Doing Well in School: Repertoires of Success at the End of Elementary School
School success and achievement
Anthropological Linguistics and Sociolinguistics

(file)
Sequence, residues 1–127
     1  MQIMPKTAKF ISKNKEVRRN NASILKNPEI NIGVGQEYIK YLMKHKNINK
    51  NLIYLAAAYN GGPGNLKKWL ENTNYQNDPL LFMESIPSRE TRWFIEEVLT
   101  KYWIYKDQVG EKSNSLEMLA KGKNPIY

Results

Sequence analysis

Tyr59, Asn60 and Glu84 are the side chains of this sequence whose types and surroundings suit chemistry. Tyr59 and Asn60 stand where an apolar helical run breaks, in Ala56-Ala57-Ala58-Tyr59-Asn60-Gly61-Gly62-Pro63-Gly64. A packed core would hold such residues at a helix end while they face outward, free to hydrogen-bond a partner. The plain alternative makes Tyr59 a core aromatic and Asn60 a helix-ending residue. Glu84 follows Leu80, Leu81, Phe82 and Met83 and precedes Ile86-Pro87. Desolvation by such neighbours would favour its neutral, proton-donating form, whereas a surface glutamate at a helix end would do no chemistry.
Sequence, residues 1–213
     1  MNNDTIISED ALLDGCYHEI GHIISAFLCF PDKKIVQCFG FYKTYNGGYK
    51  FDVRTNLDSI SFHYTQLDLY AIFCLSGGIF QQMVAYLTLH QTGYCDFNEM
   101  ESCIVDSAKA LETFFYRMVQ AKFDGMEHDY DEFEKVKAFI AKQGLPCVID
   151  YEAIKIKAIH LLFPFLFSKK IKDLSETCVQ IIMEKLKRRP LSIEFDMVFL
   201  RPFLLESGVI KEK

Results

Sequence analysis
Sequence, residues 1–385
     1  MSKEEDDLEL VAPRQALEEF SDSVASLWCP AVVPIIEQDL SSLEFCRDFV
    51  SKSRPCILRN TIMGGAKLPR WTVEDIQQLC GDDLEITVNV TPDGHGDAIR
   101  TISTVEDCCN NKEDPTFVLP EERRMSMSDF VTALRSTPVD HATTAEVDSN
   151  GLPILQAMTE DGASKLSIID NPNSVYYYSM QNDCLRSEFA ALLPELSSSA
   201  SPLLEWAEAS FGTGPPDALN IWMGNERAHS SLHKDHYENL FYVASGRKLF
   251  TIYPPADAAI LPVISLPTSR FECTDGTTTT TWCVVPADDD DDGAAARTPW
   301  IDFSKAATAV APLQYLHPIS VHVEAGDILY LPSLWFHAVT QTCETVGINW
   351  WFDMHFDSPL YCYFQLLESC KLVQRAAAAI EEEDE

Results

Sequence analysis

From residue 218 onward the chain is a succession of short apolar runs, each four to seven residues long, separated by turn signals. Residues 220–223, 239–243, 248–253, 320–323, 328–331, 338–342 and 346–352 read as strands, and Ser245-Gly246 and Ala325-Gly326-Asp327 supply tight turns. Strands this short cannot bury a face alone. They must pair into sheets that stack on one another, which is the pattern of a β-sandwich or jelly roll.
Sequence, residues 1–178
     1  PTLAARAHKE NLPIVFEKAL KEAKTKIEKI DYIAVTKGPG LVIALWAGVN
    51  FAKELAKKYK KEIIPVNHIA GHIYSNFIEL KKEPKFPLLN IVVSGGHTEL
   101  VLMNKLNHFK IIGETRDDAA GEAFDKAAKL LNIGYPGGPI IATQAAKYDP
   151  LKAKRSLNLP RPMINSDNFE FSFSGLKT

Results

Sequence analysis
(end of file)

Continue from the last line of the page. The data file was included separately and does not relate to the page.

In spite of over a decade of U.S. school reform emphasizing test preparation and performance, students from minoritized backgrounds continue to underachieve on standardized testing. With an abundance of research on the achievement gap, we are now more than ever aware of this problem. But to avoid reproducing longstanding school inequities, testing practices and achievement measures need rethinking. This dissertation does this by investigating how, in a recently established Mexican immigrant community in Pennsylvania, children from Mexican immigrant and African American backgrounds negotiated the heavy emphasis on high-stakes testing in their final year of elementary school. Based on long-term, collaborative ethnographic research, my dissertation builds on scholarship in the linguistic anthropology of education to investigate how children communicated with each other and their teachers about doing well in school where what counted as success were scores of “advanced” or “proficient” on the annual State Standardized Assessment. The data in my dissertation revealed a number of negative consequences of the use of scripted, test-oriented curricula. For example, children who were consistently positioned as low performers began to develop oppositional stances towards schooling and to position themselves as choosing not to be smart. In addition, many children came equate doing well in school with simply passing the test, expressed increasing dislike of school-based reading and writing, and did what they had to do to “get by.” However, when given the opportunity to engage in collaborative sense- and self-making, they were able to challenge the ways they were positioned according to their test performance and showed deep engagement in learning. I argue for closer attention to the effects of school based reform efforts and accountability measures at the elementary school level by drawing on children’s underrepresented perspectives. Doing so will point the way to utilizing their communicative practices for increased school engagement and performance, as well as more equitable assessments of achievement. Without better understanding of these phenomena as children approach middle school, schools risks further reifying the schooling inequities reform efforts seek to remedy.